The Gold of Icons
Tuesday, November 12, 2013
Robert Nelson is Robert Lehman Professor History of Art at Yale University. He received his B.A. from Rice University and his M.A. and Ph.D. from the Institute of Fine Arts, New York University. Prior to his current position, Nelson was Professor of Art History at the University of Chicago. Nelson studies and teaches medieval art, mainly in the Eastern Mediterranean, and the history and methods of art history. He was the co-curator of Holy Image, Hallowed Ground: Icons from Sinai at the J. Paul Getty Museum in 2006-2007. His book, Hagia Sophia, 1850-1950, 2004 (Chicago: University of Chicago Press, 2004), asks how the cathedral of Constantinople, once ignored or despised, came to be regarded as one of the great monuments of world architecture. Nelson’s other book-length publications include Later Byzantine Painting: Art, Agency, and Appreciation (Burlington: Ashgate, 2007); Theodore Hagiopetrites: A Late Byzantine Scribe and Illuminator (Wien: Verlag der Österreichischen Akademie der Wissenschaften, 1991); and The Iconography of Preface and Miniature in the Byzantine Gospel Book (New York: New York University Press, 1980). His current projects involve the history of the Greek lectionary, the reuse of Byzantine art in Venice, the social lives of illuminated Greek manuscripts in Byzantium and their reception in Renaissance Italy, and the collecting of Byzantine art in twentieth-century Europe and America.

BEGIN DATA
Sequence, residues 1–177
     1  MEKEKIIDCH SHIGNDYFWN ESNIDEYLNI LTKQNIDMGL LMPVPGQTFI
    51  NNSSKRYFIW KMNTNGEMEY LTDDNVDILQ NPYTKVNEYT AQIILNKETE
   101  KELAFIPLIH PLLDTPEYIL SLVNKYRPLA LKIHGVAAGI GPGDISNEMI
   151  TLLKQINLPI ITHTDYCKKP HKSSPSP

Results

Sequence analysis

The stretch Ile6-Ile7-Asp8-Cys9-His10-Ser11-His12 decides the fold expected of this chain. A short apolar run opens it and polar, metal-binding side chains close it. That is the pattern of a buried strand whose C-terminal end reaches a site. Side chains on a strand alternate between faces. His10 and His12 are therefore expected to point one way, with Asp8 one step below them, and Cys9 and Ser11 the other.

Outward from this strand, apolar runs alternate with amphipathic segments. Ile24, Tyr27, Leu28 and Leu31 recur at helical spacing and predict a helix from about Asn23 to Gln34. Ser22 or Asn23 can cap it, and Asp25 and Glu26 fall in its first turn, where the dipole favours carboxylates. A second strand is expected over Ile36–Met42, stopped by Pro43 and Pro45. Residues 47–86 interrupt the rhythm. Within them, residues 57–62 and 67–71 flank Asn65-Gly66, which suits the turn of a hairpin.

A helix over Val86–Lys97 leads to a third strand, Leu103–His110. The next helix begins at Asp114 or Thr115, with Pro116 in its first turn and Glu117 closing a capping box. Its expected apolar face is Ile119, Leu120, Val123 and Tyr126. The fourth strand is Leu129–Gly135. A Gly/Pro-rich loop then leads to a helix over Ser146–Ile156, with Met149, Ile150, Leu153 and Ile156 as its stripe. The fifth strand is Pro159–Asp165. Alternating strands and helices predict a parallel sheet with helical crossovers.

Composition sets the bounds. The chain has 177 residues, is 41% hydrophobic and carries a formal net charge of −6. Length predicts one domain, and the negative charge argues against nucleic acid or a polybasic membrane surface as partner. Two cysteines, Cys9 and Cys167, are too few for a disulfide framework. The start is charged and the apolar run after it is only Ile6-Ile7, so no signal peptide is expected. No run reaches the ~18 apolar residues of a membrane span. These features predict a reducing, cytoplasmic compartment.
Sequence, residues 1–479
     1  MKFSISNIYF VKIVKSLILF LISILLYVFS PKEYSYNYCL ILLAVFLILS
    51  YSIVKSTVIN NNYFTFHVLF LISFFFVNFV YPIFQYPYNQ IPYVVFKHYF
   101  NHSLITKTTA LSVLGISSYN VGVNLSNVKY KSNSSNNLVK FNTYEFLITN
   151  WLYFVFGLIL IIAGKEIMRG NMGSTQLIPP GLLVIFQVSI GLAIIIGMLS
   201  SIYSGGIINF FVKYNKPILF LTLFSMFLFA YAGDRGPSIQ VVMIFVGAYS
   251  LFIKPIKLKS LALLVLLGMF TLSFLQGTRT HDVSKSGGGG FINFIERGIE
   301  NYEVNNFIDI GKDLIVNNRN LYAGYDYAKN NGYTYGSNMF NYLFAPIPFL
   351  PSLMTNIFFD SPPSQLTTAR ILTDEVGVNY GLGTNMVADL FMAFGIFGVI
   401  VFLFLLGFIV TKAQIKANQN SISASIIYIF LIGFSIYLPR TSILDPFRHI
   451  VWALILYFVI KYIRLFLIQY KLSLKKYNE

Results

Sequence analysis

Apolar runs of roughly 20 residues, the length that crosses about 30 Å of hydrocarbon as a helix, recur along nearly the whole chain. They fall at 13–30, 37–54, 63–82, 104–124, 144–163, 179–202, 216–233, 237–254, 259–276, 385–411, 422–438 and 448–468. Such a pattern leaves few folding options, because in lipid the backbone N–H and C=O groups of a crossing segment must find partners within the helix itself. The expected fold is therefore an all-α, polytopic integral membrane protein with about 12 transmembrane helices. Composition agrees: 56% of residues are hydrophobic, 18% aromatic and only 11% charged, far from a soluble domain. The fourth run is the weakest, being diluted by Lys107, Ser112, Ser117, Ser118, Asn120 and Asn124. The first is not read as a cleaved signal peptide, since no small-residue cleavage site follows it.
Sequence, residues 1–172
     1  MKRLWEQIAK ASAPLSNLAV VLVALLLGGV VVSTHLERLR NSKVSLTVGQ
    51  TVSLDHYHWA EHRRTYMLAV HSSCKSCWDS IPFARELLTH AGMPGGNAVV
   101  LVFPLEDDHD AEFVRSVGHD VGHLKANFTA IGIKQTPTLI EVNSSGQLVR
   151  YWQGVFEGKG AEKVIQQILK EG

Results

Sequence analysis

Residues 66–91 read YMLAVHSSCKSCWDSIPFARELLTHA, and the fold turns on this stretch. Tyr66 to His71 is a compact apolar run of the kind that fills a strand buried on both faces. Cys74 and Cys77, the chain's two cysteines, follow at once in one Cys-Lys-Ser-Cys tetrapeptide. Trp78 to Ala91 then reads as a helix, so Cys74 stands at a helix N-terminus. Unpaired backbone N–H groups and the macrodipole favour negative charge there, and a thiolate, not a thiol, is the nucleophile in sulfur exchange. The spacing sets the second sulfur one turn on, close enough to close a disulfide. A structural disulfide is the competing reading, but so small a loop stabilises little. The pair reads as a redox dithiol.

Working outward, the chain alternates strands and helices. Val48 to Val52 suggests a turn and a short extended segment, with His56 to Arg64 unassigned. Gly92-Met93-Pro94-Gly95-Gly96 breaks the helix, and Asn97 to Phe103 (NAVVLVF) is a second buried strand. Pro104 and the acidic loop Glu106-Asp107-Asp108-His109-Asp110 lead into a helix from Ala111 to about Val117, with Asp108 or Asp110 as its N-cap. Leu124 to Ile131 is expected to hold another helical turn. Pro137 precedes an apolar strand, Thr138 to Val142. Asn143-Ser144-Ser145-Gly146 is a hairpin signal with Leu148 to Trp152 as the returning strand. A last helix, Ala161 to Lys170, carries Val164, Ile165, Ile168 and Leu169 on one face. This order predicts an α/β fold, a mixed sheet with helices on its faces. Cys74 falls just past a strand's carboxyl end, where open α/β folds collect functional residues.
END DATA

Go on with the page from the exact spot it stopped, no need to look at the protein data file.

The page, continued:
How can the gold of icons be understood – symbolically, coloristically, mystically, as a mark of primitivism? Nelson’s lecture will suggest that it is first a visual technology created for and by the conditions of viewing of devotional panels in Byzantium. The gold ground is not background, but an integral agent in the functioning of the image. The light of icons, the light brought to icons, the light reflected off icons, and the Light that icons depicted, these are the subjects of this paper, and gold is their medium.
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